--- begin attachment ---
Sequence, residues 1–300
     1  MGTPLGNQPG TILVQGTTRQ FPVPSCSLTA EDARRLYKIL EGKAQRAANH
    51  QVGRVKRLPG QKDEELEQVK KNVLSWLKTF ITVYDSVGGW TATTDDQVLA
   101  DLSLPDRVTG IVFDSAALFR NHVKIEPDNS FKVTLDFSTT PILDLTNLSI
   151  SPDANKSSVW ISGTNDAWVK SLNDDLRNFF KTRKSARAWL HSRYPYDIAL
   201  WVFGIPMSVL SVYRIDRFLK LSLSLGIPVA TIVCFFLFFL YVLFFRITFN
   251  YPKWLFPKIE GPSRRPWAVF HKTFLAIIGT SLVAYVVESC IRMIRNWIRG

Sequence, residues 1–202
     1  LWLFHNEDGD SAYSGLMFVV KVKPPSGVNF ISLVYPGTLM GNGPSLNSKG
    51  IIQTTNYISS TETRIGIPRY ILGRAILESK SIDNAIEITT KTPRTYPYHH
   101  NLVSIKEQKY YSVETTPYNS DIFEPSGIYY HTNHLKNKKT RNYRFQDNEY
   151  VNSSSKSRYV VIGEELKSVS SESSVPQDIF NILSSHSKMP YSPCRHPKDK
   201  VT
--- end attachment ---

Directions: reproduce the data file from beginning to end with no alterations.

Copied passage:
Sequence, residues 1–300
     1  MGTPLGNQPG TILVQGTTRQ FPVPSCSLTA EDARRLYKIL EGKAQRAANH
    51  QVGRVKRLPG QKDEELEQVK KNVLSWLKTF ITVYDSVGGW TATTDDQVLA
   101  DLSLPDRVTG IVFDSAALFR NHVKIEPDNS FKVTLDFSTT PILDLTNLSI
   151  SPDANKSSVW ISGTNDAWVK SLNDDLRNFF KTRKSARAWL HSRYPYDIAL
   201  WVFGIPMSVL SVYRIDRFLK LSLSLGIPVA TIVCFFLFFL YVLFFRITFN
   251  YPKWLFPKIE GPSRRPWAVF HKTFLAIIGT SLVAYVVESC IRMIRNWIRG

Sequence, residues 1–202
     1  LWLFHNEDGD SAYSGLMFVV KVKPPSGVNF ISLVYPGTLM GNGPSLNSKG
    51  IIQTTNYISS TETRIGIPRY ILGRAILESK SIDNAIEITT KTPRTYPYHH
   101  NLVSIKEQKY YSVETTPYNS DIFEPSGIYY HTNHLKNKKT RNYRFQDNEY
   151  VNSSSKSRYV VIGEELKSVS SESSVPQDIF NILSSHSKMP YSPCRHPKDK
   201  VT